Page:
It was also important to teach students to translate things in context. Whereas translation out of context often encourages literal translation, translation inside a specific context makes the learner fully aware of the problems of single-word translations. The objective here was to use time effectively and economically while making them understand that what works in their first language may not always work in English, and vice versa (see also Duff, 1989).

I also used the native language to provoke discussion and speculation, and to develop clarity and flexibility in thinking. It seems obvious that there is an inevitable interaction between the first language and the target language, occurring in any type of language acquisition. EFL teachers should not prevent such interaction from taking place, but rather encourage it where it serves a pedagogic purpose.

On occasion, I also noticed problems arising when the students were asked to do some fluency activities like discussion, role-play, dialogues, play acting, etc. Most of them were frustrated in not being able to communicate ideas adequately in English. At such points, I allowed them to use the limited English they had and praised their success in doing so. I refrained from any attempt at correction, as long as the core meaning was expressed. Here, I also used the strategies of simplification, paraphrasing and explanation, which proved rewarding.

Put together, the use of such strategies helped build the pupils' confidence, which is crucial to successful efforts at learning a language. As a result of this effort, they could write short stories and brief accounts of what they did. Among many other things, they produced the following as a group in one of the concluding classes: The group discussed a Telugu comedy programme that they had watched on TV a few days earlier. They wrote a play entitled "Habits Die Hard." Here is what they wrote:

Habits Die Hard[3]

Introduction: Once there was a director. He wanted to make a film but he had no money to make a film. He had no money to pay the actors and actresses. He saw a beggar on the road and he said.

(Director) Hello there. I am making a film and I want a hero in it. I want to make you the hero in my film. Please don't beg on the roads.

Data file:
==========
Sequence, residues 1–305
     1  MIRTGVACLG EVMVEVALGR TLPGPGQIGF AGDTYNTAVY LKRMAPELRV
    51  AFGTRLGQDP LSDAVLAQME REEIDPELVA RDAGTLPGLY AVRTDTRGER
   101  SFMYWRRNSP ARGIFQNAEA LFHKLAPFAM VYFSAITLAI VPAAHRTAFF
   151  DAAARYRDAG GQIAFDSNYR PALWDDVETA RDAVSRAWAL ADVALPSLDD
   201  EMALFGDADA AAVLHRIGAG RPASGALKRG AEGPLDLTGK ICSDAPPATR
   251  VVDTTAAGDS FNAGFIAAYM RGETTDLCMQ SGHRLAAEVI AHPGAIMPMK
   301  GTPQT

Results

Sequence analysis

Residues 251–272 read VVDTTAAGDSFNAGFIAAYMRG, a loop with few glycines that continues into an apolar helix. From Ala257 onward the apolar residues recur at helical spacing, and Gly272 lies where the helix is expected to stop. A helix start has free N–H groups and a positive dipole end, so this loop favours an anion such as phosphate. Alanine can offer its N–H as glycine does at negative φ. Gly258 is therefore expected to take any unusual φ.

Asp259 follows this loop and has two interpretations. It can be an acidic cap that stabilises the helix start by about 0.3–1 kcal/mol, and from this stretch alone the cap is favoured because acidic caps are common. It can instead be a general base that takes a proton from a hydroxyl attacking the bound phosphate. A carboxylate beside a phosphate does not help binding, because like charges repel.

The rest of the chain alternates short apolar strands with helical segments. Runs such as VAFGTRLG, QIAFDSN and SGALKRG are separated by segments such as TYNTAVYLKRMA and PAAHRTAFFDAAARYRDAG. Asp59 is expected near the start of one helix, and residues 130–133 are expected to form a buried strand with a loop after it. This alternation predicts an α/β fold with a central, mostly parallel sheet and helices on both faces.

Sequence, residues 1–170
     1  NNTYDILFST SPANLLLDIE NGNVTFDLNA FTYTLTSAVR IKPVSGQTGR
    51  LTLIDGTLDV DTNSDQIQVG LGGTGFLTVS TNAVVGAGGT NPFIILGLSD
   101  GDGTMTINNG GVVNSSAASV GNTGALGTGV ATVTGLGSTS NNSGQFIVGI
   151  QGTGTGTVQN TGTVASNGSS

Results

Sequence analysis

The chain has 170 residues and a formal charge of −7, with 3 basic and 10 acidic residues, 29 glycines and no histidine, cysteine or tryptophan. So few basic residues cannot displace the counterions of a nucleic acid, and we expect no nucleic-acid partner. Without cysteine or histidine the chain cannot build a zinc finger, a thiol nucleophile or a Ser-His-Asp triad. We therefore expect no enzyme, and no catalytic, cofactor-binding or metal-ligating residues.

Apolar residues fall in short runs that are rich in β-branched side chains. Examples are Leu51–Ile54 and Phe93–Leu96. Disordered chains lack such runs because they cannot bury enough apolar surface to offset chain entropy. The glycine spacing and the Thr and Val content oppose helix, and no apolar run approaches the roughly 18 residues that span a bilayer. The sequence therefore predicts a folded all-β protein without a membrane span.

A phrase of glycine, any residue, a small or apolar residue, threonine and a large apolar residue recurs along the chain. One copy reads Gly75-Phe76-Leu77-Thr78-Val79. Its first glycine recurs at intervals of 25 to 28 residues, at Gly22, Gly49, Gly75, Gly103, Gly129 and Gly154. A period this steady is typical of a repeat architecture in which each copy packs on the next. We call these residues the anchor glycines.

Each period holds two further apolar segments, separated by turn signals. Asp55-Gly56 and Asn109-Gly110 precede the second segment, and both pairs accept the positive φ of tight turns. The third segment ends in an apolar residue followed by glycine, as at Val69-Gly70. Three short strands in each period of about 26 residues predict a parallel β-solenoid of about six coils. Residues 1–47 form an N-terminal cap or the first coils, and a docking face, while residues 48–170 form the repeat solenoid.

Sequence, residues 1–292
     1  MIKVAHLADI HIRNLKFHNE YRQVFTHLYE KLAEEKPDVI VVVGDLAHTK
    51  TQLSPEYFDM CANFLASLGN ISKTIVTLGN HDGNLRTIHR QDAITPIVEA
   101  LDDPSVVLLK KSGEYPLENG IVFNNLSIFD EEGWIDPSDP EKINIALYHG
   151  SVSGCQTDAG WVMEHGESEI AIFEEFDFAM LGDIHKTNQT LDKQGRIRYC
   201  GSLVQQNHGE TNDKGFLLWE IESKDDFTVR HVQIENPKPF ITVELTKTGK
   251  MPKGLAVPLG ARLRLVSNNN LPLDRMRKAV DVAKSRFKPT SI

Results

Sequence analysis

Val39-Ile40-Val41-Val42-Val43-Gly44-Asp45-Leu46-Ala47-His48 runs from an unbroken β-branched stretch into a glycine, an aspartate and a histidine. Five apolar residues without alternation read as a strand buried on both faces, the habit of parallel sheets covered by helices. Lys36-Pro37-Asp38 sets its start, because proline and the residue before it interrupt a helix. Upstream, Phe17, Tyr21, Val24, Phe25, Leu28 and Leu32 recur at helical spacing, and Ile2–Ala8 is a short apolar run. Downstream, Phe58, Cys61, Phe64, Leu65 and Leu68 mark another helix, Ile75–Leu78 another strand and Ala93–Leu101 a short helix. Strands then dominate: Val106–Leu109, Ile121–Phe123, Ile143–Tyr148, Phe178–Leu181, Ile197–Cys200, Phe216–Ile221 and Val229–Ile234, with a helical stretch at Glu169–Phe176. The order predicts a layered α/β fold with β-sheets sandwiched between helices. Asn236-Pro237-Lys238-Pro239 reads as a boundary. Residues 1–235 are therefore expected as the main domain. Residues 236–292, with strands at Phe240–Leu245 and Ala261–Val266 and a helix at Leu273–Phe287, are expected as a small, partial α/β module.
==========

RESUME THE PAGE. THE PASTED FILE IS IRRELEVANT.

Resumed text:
(Beggar) O.K, I won't beg on the roads because I want to become the hero in your film.

Next the director saw a panwalla rolling his pans.

Dierctor = Hello panwalla. I want a villain in my film. Please don't roll pans. I will make you a villain in my film.

Panwalla = I won't roll pans. I want to become a villain in your story.

Then the director saw a Lambadi girl ( who had the habit of clapping all the time,) on the road and he said to her.

(Director) I want a heroine in my film. Can you act as the heroine of my film? But you must not clap on the roads.

Lambadi girl = Ok, sir. I am ready to act in your film.

Scene 2: And now the next day the director starts the film. The villain has kidnapped the heroine and hero is begging him to let the heroine go.

(Hero) Please leave my heroine alone, he asked by begging.

Villain = No, I won't let her go, says he while rolling a pan.

Heroine = let me go, let me go, says she by clapping her hands loudly.

The picture ran for 100 days. "


The experiment aimed to revive the students' interest in English and make them feel at ease with the language. A main objective was to get them over the state of fright and anxiety that the failure to progress in the language had created in them and encourage them to enjoy their English classes. All this exercise meant a measurable change in their attitude towards the learning of the language. Into the final few weeks of the experiment, the class always looked forward to the next class with more expectation than anxiety. The sharing of a story had an ice cone effect with a desire to lap it all up.